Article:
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Published January 12 2011

Forum editorial: Moorhead needs old I-94 ramps

Members of the Moorhead City Council should resist the apparent bullying by state and federal governments regarding old and new Interstate 94 access ramps into the city. A new interchange has been in the works for years. It was opened a few weeks ago. At the same time, the old access ramps were barricaded by the Minnesota Department of Transportation in accordance, MnDOT said, with federal regulations that require old ramps too close to the new interchange to be abandoned.

Barricading the old ramps has created a firestorm of protest from businesses and other interests because access without the ramps is very difficult. The new interchange features loops and ramps that effectively cut off easy access to those businesses. At the same time, other tracts of potential development land are more easily accessed because of the new interchange.

The council is unanimous in wanting the old ramps reopened. As the project proceeded, council members apparently were assured that a 2008 act of Congress authorized federal projects to keep and refurbish old ramps. The wording gives the city authority to keep the ramps open, said council members Mark Hintermeyer, Luther Stueland and Brenda Elmer. If that’s the case, the conflict is with federal and state policy that requires old ramp closure. Because of the congressional act, business interests negatively affected by the closure urged the council to immediately reopen the old ramps.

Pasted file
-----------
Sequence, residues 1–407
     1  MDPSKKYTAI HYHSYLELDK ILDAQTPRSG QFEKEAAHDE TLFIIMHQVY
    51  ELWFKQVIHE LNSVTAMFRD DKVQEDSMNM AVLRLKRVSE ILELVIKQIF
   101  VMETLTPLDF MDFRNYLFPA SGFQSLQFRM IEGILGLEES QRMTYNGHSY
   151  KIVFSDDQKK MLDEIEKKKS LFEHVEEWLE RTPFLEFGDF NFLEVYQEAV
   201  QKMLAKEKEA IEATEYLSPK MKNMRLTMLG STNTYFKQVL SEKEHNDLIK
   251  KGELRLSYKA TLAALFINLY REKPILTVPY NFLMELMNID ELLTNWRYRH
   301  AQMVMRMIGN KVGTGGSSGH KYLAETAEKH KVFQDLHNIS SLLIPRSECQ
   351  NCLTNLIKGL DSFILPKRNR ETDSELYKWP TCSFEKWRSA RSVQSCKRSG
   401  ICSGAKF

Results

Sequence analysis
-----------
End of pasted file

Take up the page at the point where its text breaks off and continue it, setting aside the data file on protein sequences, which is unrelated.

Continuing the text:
Not so fast, said City Attorney Brian Neugebauer, who warned that the conflict between MnDOT’s rules and the action of Congress might be resolved only by a lawsuit that could drag on for years. In that circumstance, the immediate problem would not be solved.

The city has an option or two. First, open the old ramps and let the legal chips fall where they may. At least the businesses (and, we hear, the motorists trying to negotiate the new interchange) would get some relief from what appears to be a bureaucratic and engineering boondoggle of some significance.

Second, council members could let the state and feds kick sand in their faces and get away with it. Meanwhile, Moorhead businesses take a hit, motorists who are comfortable with the old ramps avoid the area, and the city accepts its embarrassing powerlessness over its own welfare.


Forum editorials represent the opinion of Forum management and the newspaper’s Editorial Board.